This is a talk given by Prof Daniel Kuhn as part of the Online Seminar Series Machine Learning NeEDS Mathematical Optimization, https://congreso.us.es/mlneedsmo/, branding the role of Operations Research in Artificial Intelligence with the support of EURO, https://www.euro-online.org.
The last decade has witnessed a surge of algorithms that have a consequential impact on our daily lives. Machine learning methods are increasingly used, for example, to decide whom to grant or deny loans, college admission, bail or parole. Even though it would be natural to expect that algorithms are free of prejudice, it turns out that cutting-edge AI techniques can learn or even amplify human biases and may thus be far from fair. Accordingly, a key challenge in automated decision-making is to ensure that individuals of different demographic groups have equal chances of securing beneficial outcomes. In this talk we first highlight the difficulties of defining fairness criteria, and we show that a naive use of popular fairness constraints can have undesired consequences. We then characterize situations in which fairness constraints or unfairness penalties have a regularizing effect and may thus improve out-of-sample performance. We also identify a class of unfairness-measures that are susceptible to efficient stochastic gradient descent algorithms, and we propose a statistical hypothesis test for fairness.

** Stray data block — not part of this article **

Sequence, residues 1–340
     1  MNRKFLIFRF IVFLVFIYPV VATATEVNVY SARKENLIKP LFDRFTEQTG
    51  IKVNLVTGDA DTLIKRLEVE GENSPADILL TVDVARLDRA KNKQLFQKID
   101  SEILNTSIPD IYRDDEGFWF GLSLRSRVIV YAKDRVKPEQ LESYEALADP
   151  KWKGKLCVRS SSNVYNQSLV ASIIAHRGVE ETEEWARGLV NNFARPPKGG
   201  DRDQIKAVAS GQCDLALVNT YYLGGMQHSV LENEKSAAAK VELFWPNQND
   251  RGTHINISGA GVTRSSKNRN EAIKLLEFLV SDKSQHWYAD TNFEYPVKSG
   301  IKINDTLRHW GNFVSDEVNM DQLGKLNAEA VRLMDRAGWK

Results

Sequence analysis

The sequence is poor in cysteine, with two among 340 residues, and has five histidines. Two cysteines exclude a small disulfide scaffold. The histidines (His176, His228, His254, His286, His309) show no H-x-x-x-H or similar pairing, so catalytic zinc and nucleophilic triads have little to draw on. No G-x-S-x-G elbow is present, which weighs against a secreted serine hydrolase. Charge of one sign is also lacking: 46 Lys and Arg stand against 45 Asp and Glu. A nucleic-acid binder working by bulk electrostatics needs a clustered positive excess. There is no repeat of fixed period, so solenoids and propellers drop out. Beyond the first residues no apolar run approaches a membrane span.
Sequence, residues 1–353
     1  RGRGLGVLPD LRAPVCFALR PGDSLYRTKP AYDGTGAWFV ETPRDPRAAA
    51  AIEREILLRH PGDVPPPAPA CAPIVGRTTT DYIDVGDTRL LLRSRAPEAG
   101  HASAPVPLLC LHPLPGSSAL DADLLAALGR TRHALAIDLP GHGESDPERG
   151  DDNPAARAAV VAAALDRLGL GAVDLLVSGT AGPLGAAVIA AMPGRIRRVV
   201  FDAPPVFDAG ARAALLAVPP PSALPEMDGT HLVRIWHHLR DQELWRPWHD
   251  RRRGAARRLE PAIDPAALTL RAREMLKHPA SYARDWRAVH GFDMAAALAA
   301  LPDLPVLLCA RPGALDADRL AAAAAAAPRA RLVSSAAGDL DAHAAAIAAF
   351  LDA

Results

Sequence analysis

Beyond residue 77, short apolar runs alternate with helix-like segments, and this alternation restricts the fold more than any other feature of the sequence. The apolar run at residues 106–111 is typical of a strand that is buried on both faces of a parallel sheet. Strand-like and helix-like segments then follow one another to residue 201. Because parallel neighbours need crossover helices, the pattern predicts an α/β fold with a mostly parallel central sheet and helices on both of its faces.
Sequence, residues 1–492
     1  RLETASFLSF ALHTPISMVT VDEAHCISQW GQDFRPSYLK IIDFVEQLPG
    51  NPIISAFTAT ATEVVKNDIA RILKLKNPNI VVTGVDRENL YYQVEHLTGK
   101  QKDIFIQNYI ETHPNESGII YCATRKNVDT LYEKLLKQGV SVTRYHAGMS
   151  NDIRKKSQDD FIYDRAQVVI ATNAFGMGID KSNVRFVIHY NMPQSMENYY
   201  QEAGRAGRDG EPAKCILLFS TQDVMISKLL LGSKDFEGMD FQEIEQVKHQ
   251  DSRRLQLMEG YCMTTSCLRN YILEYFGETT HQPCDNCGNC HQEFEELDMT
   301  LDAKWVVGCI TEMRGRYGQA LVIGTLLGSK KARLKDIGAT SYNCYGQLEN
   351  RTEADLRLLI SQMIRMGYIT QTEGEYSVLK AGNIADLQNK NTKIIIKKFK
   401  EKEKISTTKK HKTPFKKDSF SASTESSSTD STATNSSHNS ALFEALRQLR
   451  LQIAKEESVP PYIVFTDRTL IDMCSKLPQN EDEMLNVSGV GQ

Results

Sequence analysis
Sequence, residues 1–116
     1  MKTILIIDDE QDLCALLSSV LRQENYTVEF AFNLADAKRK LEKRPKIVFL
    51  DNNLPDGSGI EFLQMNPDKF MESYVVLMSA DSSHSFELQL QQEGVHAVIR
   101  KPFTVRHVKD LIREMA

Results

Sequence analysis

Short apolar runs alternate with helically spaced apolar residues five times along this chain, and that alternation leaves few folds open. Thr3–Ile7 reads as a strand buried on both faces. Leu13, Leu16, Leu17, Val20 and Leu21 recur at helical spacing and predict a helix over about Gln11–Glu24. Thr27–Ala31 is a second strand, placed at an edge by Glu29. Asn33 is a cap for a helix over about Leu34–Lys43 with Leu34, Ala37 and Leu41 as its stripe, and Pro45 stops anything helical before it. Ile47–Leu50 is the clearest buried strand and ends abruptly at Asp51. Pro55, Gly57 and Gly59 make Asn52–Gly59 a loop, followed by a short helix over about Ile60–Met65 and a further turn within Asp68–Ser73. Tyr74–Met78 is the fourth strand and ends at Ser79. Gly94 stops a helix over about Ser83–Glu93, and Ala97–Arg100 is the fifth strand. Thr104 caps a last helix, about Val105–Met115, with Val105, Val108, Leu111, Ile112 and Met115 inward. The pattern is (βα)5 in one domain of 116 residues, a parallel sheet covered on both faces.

Link to the talk: https://eu.bbcollab.com/guest/6e6638bbdd854181b21637e1e8c02e43
The organizers of the Online Seminar Series Machine Learning NeEDS Mathematical Optimization
Emilio Carrizosa, IMUS-Instituto de Matemáticas de la Universidad de Sevilla
Nuria Gómez-Vargas, IMUS-Instituto de Matemáticas de la Universidad de Sevilla
Thomas Halskov, Copenhagen Business School
Dolores Romero Morales, Copenhagen Business School